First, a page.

Non-profit growth brings new leadership challenges
The world of non-profit and social change organizations is growing rapidly. Funds being channeled to non-profit organizations have increased dramatically:
- The number of non-profits grew 50 percent faster than businesses over the last 10 years
- Non-profit revenues grew at double US GDP growth rate
- Millennials are an increasingly important demographic group known for prioritizing social change in work and life1
However, new pressures are also emerging. In addition to more competitors vying for every donor dollar, more is expected from non-profit leaders. The old world of non-profit management was relatively simple. Non-profit leaders focused on keeping “amount spent on overhead” within tolerable ranges for donors. Today there is increasing pressure to allocate resources effectively, create financial sustainability and achieve greater impact.
With growth rates high, a more competitive landscape, and more complex organizations to manage, non-profit leaders need to be developed just like private sector leaders. However, “73 percent of non-profit leaders say they lack resources to build leadership skills.”2
Challenging the status quo of non-profit leadership development
World Vision International, one of the largest international non-governmental organizations (INGO), turned to BTS to develop business acumen in its leaders. Why? There is a growing movement to professionalize the humanitarian industry. In order to meet increasing demands for transparency, accountability and quantifiable impact in the way funds are utilized and how the mission is achieved, World Vision recognized the importance of investing in its leadership capability. World Vision turned to BTS because of BTS’s three decades of experience in creating business acumen solutions for public companies. Together, World Vision and BTS co-created a solution custom fit to the unique challenges of leading in a not-for-profit environment.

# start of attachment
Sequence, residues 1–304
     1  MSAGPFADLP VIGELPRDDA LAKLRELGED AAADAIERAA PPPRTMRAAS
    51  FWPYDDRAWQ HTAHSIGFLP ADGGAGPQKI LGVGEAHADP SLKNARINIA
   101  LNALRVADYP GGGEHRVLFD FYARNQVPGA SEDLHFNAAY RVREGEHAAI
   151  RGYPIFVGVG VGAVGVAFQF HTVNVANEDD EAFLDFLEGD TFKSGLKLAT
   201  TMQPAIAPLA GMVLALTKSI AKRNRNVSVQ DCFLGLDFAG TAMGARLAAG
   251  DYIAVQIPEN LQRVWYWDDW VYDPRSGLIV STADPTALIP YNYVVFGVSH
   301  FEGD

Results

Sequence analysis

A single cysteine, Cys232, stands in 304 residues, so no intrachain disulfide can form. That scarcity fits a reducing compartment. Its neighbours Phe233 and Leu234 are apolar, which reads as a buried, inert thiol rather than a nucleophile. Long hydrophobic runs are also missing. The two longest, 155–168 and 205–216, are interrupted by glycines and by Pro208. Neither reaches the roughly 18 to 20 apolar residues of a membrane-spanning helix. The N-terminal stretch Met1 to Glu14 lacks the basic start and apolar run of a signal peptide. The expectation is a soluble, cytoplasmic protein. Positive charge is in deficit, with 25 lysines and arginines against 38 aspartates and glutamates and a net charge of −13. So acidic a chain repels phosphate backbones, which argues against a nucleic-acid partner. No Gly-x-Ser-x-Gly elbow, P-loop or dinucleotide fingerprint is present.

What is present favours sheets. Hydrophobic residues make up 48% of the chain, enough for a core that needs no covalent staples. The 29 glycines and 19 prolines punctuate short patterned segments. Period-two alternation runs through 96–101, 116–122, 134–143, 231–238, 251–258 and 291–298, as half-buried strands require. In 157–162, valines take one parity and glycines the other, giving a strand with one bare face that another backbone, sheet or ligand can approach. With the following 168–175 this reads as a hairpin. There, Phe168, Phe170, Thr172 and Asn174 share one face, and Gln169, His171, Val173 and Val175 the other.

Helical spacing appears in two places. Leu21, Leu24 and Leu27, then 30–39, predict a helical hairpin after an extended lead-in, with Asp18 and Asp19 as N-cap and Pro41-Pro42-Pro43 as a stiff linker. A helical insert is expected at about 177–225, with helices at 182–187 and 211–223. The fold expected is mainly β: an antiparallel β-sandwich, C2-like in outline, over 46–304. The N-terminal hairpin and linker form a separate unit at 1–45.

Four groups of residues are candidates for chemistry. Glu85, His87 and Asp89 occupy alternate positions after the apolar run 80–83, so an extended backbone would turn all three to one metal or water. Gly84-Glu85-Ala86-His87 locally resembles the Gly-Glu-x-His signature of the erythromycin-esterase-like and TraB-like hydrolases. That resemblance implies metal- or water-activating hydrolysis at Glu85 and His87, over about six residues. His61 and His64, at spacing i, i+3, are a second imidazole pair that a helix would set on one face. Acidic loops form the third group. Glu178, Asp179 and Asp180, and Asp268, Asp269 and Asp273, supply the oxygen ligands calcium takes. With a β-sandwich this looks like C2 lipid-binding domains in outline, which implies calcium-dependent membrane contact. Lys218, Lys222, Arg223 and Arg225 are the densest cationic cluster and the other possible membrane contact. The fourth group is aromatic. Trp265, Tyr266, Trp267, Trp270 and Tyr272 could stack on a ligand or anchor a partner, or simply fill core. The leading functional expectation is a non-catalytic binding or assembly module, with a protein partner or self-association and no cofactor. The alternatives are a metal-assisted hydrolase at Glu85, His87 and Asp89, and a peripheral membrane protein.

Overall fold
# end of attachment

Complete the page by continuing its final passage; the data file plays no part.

World Vision’s challenge is to create leaders that are mission focused, yet business savvy and capable of maximizing every dollar spent. Although a non-profit, World Vision cannot afford to be any less focused on its bottom line than its counterparts in the business world.
An important point to make for the social sector is that the old question of “how much of my dollar is going to the community” is a difficult one for non-profits to answer in a world where costs are rising and competition is increasing. The entire non-profit sector needs to think both about returning greater value to the donor in terms of ROI and switching up the question to, “What value is the community getting for every dollar I am investing?”
World Vision partners with BTS to create a high-impact, custom non-profit business simulation
BTS and World Vision co-created a dynamic business simulation that recreates the World Vision “business model” and allows leaders to deal with difficult decisions, complex trade-offs and demanding stakeholders, all in a safe learning environment. Setting the stage for leaders in the program is critical, so they are invited to the challenge with a pre-read capturing the simulation context:
You and your team will compete with other teams to develop a strategy that will allow your organization to improve the lives of children in need. Engaging in this experience will enable you to practice making critical decisions while managing difficult trade-offs so that you can replicate successful behaviors in your work and ministry.”
The learning experience was designed to impart the following learning objectives: